Black Spiny Tailed Iguana: Owner’s Beginner-Friendly Care Sheet

Spiny tailed iguanas are medium-sized animals in the genus Ctenosaura.

The black spiny-tailed iguana and Mexican spiny-tailed iguana are two common species in the pet trade. If you buy a baby spiny-tailed iguana, it’s probably one of these two types. 

Ctenosaura bakeri
Ctenosaura bakeri is critically endangered, but hobbyists are breeding it in captivity.
Image credit: u/xXArcKnightXx (via

The spiny-tailed iguana diet consists of foliage and vegetables with some fruit and feeder insects.

Keeping a spiny-tailed iguana as a pet is rewarding if you socialize it well and meet its needs. Let’s delve further into spiny-tailed iguana care.

Spiny-Tailed Iguana Basics

Spiny-tailed iguanas get their name from the series of scaly spines which cover the animal’s backbone, including its tail.

The most common spiny-tail in the pet trade is Ctenosaura similis. Others that pop up from time to time include:

  • Ctenosaura pectinata goes by Mexican spiny-tail.
  • Ctenosaura melanosterna has striking black and white coloration.
  • Ctenosaura bakeri is endangered in the wild. More and more are popping up in captivity thanks to captive breeding.
  • Ctenosaura alfredschmidti is one of the most colorful varieties. They change colors multiple times as they grow.
Ctenosaura alfredschmidti
Ctenosaura alfredschmidti is one of the most colorful spiny-tails.
Image credit: u/indicator_species (via

The spiny-tailed iguana, Ctenosaura sp., as a group has a distribution covering a large part of the Americas.

The range extends from Southern Brazil, through Central America, and into the South-West of the USA.

Taxonomists recognize 15 different species in the genus, though not all of them are in the pet industry.

Their conservation statuses differ. Species like C. similis and C. pectinata rate as “least concern” (no current risk of extinction) while C. bakeri is “critically endangered”.

At least one species, C. pectinata, has become invasive in Texas and Florida. And Florida also has to contend with renegade C. similis.

Are Spiny-Tailed Iguanas Good Pets?

Spiny-tails make excellent pets.

Unlike the larger Green Iguana (Iguana iguana), spiny-tailed iguanas are friendly and docile.

If socialized from a young age, and well cared for, spiny-tailed iguanas make excellent pets.

If you get an adult iguana that wasn’t handled much as a youngster, it may be impossible to tame it. Some are tamable, but it takes a lot of time.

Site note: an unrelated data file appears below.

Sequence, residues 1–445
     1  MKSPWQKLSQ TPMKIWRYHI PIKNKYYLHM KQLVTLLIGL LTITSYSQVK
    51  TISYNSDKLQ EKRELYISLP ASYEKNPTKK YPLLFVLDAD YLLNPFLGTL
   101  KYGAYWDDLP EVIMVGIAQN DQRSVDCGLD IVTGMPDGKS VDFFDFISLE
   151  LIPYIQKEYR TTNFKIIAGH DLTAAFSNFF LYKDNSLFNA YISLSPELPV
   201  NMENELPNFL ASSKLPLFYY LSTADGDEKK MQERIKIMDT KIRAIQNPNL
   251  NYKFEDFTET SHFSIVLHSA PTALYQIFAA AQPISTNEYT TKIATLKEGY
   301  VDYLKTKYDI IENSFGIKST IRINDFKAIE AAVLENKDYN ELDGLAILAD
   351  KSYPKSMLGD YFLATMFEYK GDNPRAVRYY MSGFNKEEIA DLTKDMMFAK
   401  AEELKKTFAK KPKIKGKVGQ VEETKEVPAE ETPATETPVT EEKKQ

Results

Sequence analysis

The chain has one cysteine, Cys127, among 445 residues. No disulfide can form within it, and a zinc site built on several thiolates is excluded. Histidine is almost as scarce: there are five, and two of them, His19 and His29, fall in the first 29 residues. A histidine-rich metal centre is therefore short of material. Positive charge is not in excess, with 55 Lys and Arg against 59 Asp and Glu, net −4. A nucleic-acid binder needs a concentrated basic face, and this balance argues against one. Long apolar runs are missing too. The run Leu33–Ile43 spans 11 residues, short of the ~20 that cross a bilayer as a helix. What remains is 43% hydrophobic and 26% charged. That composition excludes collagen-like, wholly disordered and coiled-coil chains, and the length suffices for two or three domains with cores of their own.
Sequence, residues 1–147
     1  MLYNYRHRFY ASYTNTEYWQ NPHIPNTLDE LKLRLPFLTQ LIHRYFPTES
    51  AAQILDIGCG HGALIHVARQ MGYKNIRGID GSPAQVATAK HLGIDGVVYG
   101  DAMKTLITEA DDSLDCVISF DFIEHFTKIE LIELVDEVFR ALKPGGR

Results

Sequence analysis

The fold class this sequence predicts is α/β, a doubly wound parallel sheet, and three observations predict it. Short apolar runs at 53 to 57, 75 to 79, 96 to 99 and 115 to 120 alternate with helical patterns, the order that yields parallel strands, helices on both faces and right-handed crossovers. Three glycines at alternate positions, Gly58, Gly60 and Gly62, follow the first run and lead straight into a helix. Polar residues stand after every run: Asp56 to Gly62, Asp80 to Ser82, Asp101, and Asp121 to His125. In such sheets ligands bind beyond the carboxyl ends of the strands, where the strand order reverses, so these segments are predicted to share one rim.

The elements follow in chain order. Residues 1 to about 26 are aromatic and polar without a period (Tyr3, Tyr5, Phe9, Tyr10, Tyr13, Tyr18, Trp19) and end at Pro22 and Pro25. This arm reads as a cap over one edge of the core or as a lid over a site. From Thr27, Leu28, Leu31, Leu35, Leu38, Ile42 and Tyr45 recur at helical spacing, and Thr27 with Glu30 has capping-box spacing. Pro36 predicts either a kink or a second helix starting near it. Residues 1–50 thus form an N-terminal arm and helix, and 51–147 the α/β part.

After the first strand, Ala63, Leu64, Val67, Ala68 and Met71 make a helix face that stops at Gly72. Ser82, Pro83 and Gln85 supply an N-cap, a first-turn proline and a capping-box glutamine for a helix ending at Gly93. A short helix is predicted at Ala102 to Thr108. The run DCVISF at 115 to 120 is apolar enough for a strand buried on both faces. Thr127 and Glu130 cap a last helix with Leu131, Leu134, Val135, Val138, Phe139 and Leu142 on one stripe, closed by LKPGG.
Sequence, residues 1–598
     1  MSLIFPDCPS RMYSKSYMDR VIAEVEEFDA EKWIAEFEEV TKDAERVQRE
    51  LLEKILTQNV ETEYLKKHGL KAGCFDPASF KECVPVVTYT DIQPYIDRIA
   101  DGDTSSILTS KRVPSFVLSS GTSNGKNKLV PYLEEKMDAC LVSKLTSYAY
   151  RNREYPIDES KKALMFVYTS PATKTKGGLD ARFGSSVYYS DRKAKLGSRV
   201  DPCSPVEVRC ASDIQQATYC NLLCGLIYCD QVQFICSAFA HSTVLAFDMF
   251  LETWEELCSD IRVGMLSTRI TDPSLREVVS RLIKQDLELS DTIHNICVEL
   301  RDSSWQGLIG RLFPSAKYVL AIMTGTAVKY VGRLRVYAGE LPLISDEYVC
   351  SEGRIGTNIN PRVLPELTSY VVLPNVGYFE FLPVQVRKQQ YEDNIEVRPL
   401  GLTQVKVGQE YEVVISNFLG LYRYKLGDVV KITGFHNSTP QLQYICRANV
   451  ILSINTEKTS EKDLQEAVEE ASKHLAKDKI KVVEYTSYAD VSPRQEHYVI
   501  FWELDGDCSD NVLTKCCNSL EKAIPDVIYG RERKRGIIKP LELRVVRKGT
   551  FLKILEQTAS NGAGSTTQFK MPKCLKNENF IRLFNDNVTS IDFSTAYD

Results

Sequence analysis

If you want a worthwhile pet that you can handle it’s best to buy young spiny-tails and raise them.

Spiny Tailed Iguana Substrate

Spiny-tailed iguanas do well on a substrate that can maintain some moisture.

They don’t have the high humidity requirements of some reptiles, but they appreciate a humidity of around 70%.

Some of the best substrates for these lizards include:

  • Cypress mulch
  • Coco coir
  • Orchid bark

All these substrates are easy to spot clean, hold sufficient moisture (if misted daily), and are cheap to replace.

Spiny-Tailed Iguana Heating and Lighting

The most common spiny-tails in the pet trade come from South and Central America. These iguanas live in deserts and hot, rocky environments.

To thrive in captivity, they need a temperature gradient that reflects their native habitat.

As with other reptiles, the spiny-tails don’t produce body heat. They adjust their body temperatures by moving between warm and cool areas.

Any enclosure for spiny-tails should incorporate a hot basking area and a cool area. Ensure that the ambient (overall) temperature of the enclosure stays within a healthy range.

We suggest including three high-quality thermometers in the enclosure:

  • One under the hot spot
  • One in the cool area
  • One somewhere in between to monitor the ambient temperatures

This thermometer setup allows you to monitor all the relevant temperatures in the enclosure.

These are the ideal temperatures for spiny-tailed iguanas:

  • Hot spot: Around 106 °F
  • Cool zone: 75-85 °F
  • Ambient daytime temperature: 75-85 °F
  • Ambient nighttime temperature: 70-75 °F

Spiny-tails are true basking lizards. The best approach is to give them a basking lamp to achieve the desired temperatures.

Ensure that you place some kind of mesh screen or light guard around the bulb, so the iguanas can’t burn on the lamp.

The spiny-tailed iguanas are active during the day. They need an intense lighting system to keep them healthy.

To give your iguanas the best life, ensure that you combine the basking lamp with full-spectrum lighting. They need UVB lighting to process calcium and other trace minerals.

Place the full-spectrum light no more than ten inches from the basking site, so they can absorb optimal amounts of UV.

If you’re using traditional bulbs (not LED), it’s essential to replace the full-spectrum bulb every six months. The amount of UV produced decreases after this time.

We recommend a high-quality full-spectrum LED setup since they last longer.

Spiny-Tailed Iguana Diet

Spiny-tailed iguanas are herbivores for the most part.

In the wild, these lizards thrive on eating the foliage of different native plants. They’re typical opportunists though.

They’ll eat any small animals, eggs, or easy protein that they come across.